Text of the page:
The Would-Be Hemingway
12 March 2016
Academia, Academic Book, Academic Writing, Alexandra Socarides, Book Review, Dickinson Unbound: Paper, Process, Poetics, Emily Dickinson, Harvey Keitel, Jane Tompkins, Ralph Waldo Emerson, Shadows in the Sun, The American Scholar, typewriter, West of Everything-The Inner Life of Westerns, word processor, Writing
If given the opportunity one should never turn down the chance to study or read Emily Dickinson. The reason for this is because apart from a few bloggers online who like to post photos of flowers while quoting selections of her work out of context to appreciate how beautiful flowers are, many people really don’t seem to appreciate the emotional depth and endless complexity of her work, nor do they realize that much of Dickinson is wrapped up in the idea of death and disease. Dickinson as a writer is not my concern at this time, though I do really need to get around to writing about her work. Rather my focus in this essay is a book by Alexandra Socarides and the conflict of Academic writing.
A good friend of mine, who tends to be as exasperated with the elitism of academia and the humanities as much as I am, has often floated the idea about that he would love to write a thesis about the unnecessarily complex nature of academic writing and write it with so much jargon that it would stump even the most seasoned academic and see how many people would pretend to understand it. With respect to my friend, I admire the idea but there are better ways to tackle the, at times, Kafkaesque nature of academic writing. Working in the writing center at my university I often tell students who complain about writing papers for school that, unfortunately, academic writing will continue to be painful because it is the driest form of writing you can produce in your lifetime. Essays abound that are published that tackle the “geo-magnetic parameters of meta-linguistic manifestations of Middle Class desperation found in the first paragraph of The Grapes of Wrath.” Hopefully someone will understand what I just wrote, but I hope they don’t because that’s all bullshit.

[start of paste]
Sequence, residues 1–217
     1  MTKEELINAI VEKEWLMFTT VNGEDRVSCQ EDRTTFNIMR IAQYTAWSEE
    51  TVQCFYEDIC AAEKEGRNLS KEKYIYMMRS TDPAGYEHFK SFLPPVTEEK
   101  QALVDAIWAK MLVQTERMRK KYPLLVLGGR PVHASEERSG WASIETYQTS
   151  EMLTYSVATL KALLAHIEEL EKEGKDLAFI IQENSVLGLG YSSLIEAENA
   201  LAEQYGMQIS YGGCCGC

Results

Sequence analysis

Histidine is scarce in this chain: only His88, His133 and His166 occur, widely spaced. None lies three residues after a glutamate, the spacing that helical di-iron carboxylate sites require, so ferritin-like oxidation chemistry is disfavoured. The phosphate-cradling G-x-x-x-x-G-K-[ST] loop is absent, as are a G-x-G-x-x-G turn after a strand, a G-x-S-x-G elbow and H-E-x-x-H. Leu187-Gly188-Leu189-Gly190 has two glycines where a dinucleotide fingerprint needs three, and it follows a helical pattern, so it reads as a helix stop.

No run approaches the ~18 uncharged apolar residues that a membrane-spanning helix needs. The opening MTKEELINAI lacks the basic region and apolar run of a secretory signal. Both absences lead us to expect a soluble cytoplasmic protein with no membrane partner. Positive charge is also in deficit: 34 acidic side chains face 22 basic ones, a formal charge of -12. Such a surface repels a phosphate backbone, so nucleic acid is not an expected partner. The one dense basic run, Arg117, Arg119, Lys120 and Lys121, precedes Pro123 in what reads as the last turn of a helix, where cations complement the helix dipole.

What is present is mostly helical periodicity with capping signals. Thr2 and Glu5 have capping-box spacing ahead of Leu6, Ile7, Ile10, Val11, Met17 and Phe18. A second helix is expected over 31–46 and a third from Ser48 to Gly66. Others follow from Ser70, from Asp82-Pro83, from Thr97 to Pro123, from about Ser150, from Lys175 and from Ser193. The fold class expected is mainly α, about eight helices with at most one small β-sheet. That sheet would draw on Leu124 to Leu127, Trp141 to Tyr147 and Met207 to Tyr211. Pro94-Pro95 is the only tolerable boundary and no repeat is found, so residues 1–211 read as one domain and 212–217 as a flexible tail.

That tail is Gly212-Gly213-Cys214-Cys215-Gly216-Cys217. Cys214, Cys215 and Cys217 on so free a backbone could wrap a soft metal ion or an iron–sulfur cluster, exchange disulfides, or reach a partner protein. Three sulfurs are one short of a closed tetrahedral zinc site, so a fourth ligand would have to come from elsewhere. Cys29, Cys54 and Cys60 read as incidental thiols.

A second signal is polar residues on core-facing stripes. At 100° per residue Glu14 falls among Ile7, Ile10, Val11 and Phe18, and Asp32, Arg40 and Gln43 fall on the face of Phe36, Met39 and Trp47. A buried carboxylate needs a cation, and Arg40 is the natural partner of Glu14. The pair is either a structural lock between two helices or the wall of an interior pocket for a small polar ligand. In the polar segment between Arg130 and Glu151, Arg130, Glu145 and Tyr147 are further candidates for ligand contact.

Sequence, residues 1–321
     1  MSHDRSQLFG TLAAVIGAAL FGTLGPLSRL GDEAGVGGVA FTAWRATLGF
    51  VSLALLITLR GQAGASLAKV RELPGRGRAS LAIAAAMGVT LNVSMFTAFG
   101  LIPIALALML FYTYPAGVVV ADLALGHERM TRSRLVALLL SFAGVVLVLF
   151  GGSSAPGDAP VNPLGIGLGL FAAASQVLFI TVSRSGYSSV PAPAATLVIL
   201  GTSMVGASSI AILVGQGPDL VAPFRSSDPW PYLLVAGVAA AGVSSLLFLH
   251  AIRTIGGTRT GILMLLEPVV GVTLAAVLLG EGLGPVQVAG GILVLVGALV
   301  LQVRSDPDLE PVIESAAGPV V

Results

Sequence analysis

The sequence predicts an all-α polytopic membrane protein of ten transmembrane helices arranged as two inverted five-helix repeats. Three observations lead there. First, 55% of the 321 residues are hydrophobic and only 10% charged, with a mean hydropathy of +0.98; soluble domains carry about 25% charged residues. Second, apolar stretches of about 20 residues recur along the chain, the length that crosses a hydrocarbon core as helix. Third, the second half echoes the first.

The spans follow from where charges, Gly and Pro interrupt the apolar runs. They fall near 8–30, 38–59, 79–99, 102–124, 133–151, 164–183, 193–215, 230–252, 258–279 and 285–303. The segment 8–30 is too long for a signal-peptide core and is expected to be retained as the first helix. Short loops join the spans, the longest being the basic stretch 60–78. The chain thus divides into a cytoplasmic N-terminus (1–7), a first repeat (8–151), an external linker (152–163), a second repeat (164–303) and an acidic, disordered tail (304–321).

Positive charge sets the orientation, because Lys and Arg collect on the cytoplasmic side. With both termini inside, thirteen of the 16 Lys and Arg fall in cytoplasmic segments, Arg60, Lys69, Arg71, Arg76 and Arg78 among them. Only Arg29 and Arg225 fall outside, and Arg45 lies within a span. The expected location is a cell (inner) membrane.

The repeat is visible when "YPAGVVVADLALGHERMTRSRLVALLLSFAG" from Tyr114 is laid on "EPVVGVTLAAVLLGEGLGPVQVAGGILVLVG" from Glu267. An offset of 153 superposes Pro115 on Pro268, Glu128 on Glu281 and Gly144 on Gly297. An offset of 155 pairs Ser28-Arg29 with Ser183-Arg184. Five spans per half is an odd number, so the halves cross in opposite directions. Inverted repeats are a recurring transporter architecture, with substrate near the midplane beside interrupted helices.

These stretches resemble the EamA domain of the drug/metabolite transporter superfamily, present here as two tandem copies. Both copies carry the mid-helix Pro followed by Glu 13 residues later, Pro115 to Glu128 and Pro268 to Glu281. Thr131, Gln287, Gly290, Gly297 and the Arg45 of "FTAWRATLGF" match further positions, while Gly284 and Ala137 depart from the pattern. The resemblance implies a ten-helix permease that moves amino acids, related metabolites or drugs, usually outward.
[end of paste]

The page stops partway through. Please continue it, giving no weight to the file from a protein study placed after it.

The problem I have come to experience with academic writing is the unnecessary elitism found within it. I understand it on some level. Studying and writing and testing for ten years has a way of locking oneself within one’s own mind to the point that it becomes easy to ignore or forget that not everyone can see the solipsistic Marxism in Oedipus the King. Academic writing is designed to help the academic community who in turn teach new students entering that particular field. Where I am lost and cannot, and will not follow, is the philosophy that academic writing should only ever serve the interests of professionals in the field.
Instead I follow Emerson when he writes in his essay The American Scholar:
The office of the scholar is to cheer, to raise, and to guide men by showing them facts amidst appearances. He plies the slow, unhonored, and unpaid task of observation. (63).
This leads me back to Dr. Socarides and the book Dickinson Unbound: Paper, Process, Poetics. The opportunity to study Dickinson emerged over my winter break to take a class entirely dedicated to her work. My thesis advisor had informed me she couldn’t advise me and since she was the rock star of the project anyway I decided to end grad school with a small whimper rather than a bang. I signed up for the class, which involves reading 127 poems a week, two chapters in a biography of her work a week, and two chapters of a critic’s work. The first critic for the class was Socarides and I began the text expecting the usual unnecessary fluff. My was I surprised.